Pink chairs designed and decorated by professional architects and home decor experts were hard to miss Wednesday as they sat on display on the sales floor of Mitchells of Westport, as well as at the foot of the runway for a special fashion show.

Eyes were drawn to their unusual designs and the bright, bold shades of pink that their creators used to call attention to the plight of women battling breast cancer, especially those in Fairfield County who are uninsured or underinsured.

The pink chairs were auctioned to raise money for Norwalk Hospital's Smilow Family Breast Health Center and St. Vincent's Swim Across the Sound to support those women. The auction was part of the inaugural Pink Aid Luncheon and Fashion Show.

Andrew Mitchell-Namdar, founder of the Pink Aid Foundation and vice president of marketing and creative services for the Mitchell Family of Stores, told an audience of more than 400 people, mostly women, that he came up with the idea of the foundation after he was thanked by a woman who benefited from previous fundraising efforts.

"The money we raised had bought her a wig. She told me that when she went through chemotherapy and lost her hair her daughter was frightened and wouldn't hug her," Mitchell-Namdar said.

Breast cancer survivor Robin Roberts, the Emmy Award-winning co-anchor of the television program, "Good Morning America," was scheduled as the guest speaker for the inaugural event, but a news assignment prevented her from traveling to Westport on Wednesday. She was replaced at the last minute by ABC News colleague Deborah Roberts, a correspondent for the "20/20" news magazine show.

Via a pre-taped message that was played for the audience, Robert Roberts said her heart goes out to all those women going through what she experienced but without the kind of support she had.

In her remarks, Deborah Roberts shared with the audience her own recent breast cancer scare. During a mammogram, Roberts said her doctor found something that needed further examination. She spent several tense days waiting for results, which came back Tuesday. It was "clean," she said.

Several of the pink chair designers attended the event.

Linherr Hollingsworth, of Hollingsworth Design Associates, said she doesn't usually design with such bold colors as the bright pink she used in the chair, but enjoyed the project because the pink represents "the bold spirit that is within all those women (battling breast cancer) to survive, to keep going on."

Hollingsworth said she loves classic and modern styles so her chair marries the two. "It's a classic chair with a modern twist," she said.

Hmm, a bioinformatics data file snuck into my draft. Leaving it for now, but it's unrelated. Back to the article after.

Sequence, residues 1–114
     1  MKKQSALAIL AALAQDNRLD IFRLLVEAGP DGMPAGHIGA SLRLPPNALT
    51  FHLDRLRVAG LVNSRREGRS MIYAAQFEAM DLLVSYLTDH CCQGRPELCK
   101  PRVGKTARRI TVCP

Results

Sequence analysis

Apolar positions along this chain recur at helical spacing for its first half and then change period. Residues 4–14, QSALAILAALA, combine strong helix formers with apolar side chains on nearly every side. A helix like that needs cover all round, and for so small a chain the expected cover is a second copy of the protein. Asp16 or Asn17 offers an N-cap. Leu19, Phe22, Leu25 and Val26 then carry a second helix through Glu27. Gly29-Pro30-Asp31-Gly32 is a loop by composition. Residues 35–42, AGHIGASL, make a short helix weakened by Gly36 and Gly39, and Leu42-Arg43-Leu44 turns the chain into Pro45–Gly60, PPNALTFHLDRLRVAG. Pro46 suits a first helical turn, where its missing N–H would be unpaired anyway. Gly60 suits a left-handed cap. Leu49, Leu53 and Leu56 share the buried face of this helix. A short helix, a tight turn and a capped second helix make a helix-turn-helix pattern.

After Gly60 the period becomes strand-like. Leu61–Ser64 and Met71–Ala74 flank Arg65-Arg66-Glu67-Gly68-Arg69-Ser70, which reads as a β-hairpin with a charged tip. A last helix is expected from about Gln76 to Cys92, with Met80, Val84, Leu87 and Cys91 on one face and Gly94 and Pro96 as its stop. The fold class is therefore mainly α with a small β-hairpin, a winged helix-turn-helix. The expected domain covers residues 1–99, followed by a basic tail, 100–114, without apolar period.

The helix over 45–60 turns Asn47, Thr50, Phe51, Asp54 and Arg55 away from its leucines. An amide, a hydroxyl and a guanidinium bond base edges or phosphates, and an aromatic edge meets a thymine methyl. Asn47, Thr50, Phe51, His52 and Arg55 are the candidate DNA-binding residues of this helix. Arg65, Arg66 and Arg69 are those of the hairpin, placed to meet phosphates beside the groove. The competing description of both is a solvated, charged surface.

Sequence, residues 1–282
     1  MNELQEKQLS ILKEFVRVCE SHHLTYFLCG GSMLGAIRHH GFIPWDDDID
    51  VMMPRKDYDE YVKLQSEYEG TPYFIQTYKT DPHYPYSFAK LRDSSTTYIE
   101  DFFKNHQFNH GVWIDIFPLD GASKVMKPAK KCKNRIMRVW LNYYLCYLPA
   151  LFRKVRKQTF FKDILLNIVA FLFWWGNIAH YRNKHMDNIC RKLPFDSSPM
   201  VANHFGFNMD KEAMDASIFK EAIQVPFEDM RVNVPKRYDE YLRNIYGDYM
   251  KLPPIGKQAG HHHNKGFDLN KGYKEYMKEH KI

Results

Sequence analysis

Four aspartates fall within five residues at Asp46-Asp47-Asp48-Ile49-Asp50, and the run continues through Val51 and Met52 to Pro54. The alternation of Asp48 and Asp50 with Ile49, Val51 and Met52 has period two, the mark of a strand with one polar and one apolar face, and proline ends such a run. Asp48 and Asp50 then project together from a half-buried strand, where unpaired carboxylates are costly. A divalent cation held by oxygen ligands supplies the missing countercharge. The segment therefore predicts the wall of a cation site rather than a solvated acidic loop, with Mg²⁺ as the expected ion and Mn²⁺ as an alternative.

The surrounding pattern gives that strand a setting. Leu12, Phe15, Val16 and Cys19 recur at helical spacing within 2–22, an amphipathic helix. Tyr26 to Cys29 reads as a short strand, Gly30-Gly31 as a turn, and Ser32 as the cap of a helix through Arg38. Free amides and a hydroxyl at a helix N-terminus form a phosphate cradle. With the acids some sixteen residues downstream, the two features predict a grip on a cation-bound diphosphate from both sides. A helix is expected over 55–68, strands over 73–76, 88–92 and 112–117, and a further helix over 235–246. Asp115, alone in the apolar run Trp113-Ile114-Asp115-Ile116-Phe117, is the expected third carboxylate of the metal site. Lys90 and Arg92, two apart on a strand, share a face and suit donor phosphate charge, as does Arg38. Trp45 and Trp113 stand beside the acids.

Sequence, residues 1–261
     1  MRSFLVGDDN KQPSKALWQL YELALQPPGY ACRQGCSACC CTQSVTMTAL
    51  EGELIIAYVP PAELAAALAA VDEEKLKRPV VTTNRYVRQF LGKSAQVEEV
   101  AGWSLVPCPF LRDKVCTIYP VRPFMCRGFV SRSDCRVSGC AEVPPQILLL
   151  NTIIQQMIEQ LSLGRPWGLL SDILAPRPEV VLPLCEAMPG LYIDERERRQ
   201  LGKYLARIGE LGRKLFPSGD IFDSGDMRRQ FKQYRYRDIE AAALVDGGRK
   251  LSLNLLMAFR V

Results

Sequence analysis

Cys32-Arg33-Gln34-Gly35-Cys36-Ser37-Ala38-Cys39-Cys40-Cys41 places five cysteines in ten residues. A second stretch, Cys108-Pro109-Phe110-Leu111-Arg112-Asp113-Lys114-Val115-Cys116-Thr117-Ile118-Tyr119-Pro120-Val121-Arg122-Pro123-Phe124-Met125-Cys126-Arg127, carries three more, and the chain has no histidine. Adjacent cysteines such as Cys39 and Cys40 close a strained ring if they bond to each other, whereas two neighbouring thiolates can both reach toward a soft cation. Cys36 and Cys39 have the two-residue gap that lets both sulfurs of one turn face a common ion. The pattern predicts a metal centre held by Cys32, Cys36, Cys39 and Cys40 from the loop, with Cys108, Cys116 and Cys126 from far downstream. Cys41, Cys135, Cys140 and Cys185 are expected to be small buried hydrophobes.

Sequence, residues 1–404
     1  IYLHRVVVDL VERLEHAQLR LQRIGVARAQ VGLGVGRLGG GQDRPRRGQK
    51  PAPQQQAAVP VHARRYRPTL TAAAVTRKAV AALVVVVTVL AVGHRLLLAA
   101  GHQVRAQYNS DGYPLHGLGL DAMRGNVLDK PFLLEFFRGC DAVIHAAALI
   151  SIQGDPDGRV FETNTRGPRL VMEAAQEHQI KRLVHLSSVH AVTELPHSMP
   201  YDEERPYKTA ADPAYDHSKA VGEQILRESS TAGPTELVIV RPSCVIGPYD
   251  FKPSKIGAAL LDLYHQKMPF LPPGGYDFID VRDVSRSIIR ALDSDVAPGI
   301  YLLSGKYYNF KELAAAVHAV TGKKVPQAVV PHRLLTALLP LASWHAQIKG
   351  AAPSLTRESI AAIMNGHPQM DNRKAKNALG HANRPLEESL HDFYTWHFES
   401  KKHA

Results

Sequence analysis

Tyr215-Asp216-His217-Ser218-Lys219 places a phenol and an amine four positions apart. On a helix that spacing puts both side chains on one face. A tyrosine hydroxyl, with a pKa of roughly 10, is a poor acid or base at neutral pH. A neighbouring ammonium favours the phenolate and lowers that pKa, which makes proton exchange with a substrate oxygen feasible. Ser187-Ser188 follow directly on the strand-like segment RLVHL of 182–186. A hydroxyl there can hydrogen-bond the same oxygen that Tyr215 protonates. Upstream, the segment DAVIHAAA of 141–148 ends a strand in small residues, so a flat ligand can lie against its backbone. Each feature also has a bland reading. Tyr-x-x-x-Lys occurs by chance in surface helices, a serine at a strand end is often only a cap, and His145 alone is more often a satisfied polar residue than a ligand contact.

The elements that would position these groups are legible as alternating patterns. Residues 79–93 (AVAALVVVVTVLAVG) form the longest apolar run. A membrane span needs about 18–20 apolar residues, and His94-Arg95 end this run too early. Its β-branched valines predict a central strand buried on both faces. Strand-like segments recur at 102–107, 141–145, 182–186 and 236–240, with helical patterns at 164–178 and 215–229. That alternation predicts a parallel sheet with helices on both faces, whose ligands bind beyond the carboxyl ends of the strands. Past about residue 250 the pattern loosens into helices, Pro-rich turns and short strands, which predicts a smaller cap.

Looking at a chair designed by Elissa Grayer, of Elissa Grayer Interior Design, Sherry Fogel said, "I love this chair, the color, the pattern, the old world style of the chair with the modern fabric."

"It also looks very comfortable," added Fogel's friend Susan Preminger.

Kelly Healy of Wilton, a three-year breast cancer survivor, said she was fond of the chair created by Sheridan Interiors of Wilton, because it reminded her of the pink ribbon which has come to represent breast cancer awareness. Healy, who attended the event with her daughter Caitlin, 14, modeled in the fashion show.

Skye Kirby, a designer for Lillian August, who created one of the pink chairs, said she agrees with Mitchell-Namdar, that no woman should have to go through the experience alone.

"I think there is nothing stronger than the power of women when they get behind something. This cause is great," said Kirby, who chose a wood framed chair and added a modern patterned fabric in hot pink and white.

"Kasia Karska, an architect from New Jersey, created along with her friend Ellen Reinkraut, a whimsical chair that featured a number of lucky charms including pennies, wishing bones, a protective eye, and horse shoe. She called it a magical wishing chair.

"I think life is about focus, intention and positive attitude. There's not a better wish than to be healthy," she said.

Several women paid extra to sit in about a half dozen of the pink chairs that were positioned at the foot of the runway, creating the front row. The show featured professional models and local breast cancer survivors wearing fashions from Escada's Fall 2011 collection, which is available at the Mitchell Family of Stores.

"The design community has embraced this beyond belief," said Amy McMillan Tambini, advertising director for Cottage & Gardens Publications and the inspiration behind the pink chairs exhibit and auction. Tambini said they already have a waiting list of designers for next year's fund-raiser.

Although no final figure was available immediately after the event, Mitchell-Namdar said he suspects the Pink Aid Foundation raised about $250,000 Wednesday.